08 July, 2011
Dr. Perricone's Salmon Diet
The YWCA reports that $7 billion is spent in the United States annually on cosmetics alone. Cosmetic surgery spending hit $12.4 billion in 2007, according to the International Association for Physicians in Aesthetic Medicine. While many turn to cosmetic procedures, a healthful diet is the best solution to looking and feeling young longer. Dr. Nicholas Perricone, a board certified clinical and research dermatologist, believes the answer is his salmon diet, also called "The Perricone Prescription."
According to Perricone, eating salmon regularly will make your skin look younger longer. Many health experts agree that we should eat two or more portions of fish a week, and an oily fish such as salmon once a week. Salmon is considered a healthy choice and an essential part of a healthful and balanced diet because it is rich in vitamins and minerals, such as niacin, selenium, iodine, vitamins A and D and omega 3 fatty acids. These nutrients have been linked to reduced inflammation and the prevention of heart disease, according to the British government's Food Standards Agency.
The Perricone Prescription is presented as an anti-wrinkle diet with weight loss as an added benefit. In the diet, what you eat is just as important as the order in which you eat it. For example, protein is to be eaten first and Perricone suggests that the salmon consumed should be wild, or at the least organic. From a scientific perspective, the Perricone diet aims to regulate blood sugar levels by eating foods that have a low glycemic index, according to Diet.com. The diet is based on a 28-day program during which the foods and supplementation recommended aim to reduce saturated fats, refined sugars, and other high glycemic carbohydrates. Specifics of the meal plans, supplements and topical products created by Perricone can be found in his book "The Perricone Prescription."
Perricone offers three plans with varying time frames for those interested in his plan, which include three days, 28 days and a lifetime plan. While the main premise of the book is a 28-day program, Perricone suggests a lifetime plan of good eating, exercise and topical treatments suggested by him for optimal results. For the skeptic, or those just wishing to sample his program, he offers a three-day trial plan. Some who have followed the three-day plan have claimed that they had already noticed a reduction in facial puffiness and inflammation and an increase in energy.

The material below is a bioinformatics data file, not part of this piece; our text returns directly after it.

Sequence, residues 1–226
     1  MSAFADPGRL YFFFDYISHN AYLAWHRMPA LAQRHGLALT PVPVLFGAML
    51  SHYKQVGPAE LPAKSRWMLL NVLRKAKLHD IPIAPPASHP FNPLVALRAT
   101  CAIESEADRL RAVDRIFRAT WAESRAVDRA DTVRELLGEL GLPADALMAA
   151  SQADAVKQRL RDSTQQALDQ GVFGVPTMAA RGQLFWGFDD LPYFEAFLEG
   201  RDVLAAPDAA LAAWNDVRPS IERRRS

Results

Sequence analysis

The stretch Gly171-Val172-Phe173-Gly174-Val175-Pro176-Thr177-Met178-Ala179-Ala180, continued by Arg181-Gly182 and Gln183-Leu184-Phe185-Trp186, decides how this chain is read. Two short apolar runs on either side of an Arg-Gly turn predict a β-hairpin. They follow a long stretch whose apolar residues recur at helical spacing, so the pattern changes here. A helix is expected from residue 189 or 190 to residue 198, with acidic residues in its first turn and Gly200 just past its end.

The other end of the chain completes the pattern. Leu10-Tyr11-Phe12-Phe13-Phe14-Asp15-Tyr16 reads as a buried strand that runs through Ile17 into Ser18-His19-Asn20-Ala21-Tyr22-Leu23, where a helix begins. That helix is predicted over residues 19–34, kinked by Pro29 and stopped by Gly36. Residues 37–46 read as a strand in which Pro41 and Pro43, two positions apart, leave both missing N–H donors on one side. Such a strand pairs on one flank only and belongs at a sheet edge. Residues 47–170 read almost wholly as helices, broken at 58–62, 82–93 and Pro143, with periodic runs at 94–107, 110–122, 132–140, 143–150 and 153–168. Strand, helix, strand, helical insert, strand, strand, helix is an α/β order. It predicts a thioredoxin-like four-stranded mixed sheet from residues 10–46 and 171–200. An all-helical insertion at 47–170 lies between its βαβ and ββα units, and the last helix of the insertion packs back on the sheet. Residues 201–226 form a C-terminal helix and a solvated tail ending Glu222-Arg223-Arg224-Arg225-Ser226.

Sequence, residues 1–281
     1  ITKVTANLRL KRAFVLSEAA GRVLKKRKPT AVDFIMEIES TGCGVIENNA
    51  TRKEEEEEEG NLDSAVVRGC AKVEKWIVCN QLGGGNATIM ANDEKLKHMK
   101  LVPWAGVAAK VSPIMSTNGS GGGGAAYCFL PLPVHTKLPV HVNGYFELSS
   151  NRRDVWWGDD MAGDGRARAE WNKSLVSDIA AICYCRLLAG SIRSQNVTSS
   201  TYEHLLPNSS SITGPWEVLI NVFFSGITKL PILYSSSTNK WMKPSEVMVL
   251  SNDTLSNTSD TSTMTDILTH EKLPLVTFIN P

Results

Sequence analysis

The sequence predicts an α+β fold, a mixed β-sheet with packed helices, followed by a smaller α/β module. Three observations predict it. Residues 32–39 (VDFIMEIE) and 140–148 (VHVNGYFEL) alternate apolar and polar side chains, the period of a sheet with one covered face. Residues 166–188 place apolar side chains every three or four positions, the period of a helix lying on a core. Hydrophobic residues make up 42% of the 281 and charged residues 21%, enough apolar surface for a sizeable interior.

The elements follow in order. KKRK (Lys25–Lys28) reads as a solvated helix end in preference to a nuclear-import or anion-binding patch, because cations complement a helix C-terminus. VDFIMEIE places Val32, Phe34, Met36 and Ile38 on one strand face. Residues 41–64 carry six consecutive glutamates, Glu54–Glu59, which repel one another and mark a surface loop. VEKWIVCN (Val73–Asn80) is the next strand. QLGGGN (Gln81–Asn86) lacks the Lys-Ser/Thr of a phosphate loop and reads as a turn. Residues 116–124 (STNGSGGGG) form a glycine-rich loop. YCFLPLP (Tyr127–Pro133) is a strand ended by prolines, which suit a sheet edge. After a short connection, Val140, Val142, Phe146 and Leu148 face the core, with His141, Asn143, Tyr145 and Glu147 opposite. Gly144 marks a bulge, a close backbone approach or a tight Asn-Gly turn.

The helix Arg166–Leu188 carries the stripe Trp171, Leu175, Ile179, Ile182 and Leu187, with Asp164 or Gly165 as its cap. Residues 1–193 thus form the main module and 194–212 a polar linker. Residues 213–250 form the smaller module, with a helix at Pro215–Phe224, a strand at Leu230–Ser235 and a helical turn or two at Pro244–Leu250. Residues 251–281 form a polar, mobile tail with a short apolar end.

While oily fish such as salmon are high in healthy omega-3s, too much can also be a risk because these fish could contain high levels of mercury, according to the Food Standards Agency. These risks are even higher for woman who are pregnant and nursing. Be sure that you have no allergies to fish before starting a diet of this kind. The American Dietary Association, the American Diabetes Association, the American Heart Association and the U.S. Department of Agriculture do not endorse low glycemic index diets because extreme fish consumption is seen as an unbalanced diet. People with medical conditions, including heart disease and diabetes, and those on prescription medication should discuss this diet with their physician before starting it.
This diet was designed by a doctor, but it is best to consult your own doctor before starting any diet or exercise plan. The best-selling status of many of Perricone's books does not translate into acceptance by the medical community at large. Very little scientific research exists to substantiate many of the anti-aging aspects of this diet, according to Diet.com Diets low in carbohydrates, not limited to that of Perricone, have been shown to promote weight loss. Partnering with your primary health care provider is the safest way to set and monitor your diet and fitness goals.
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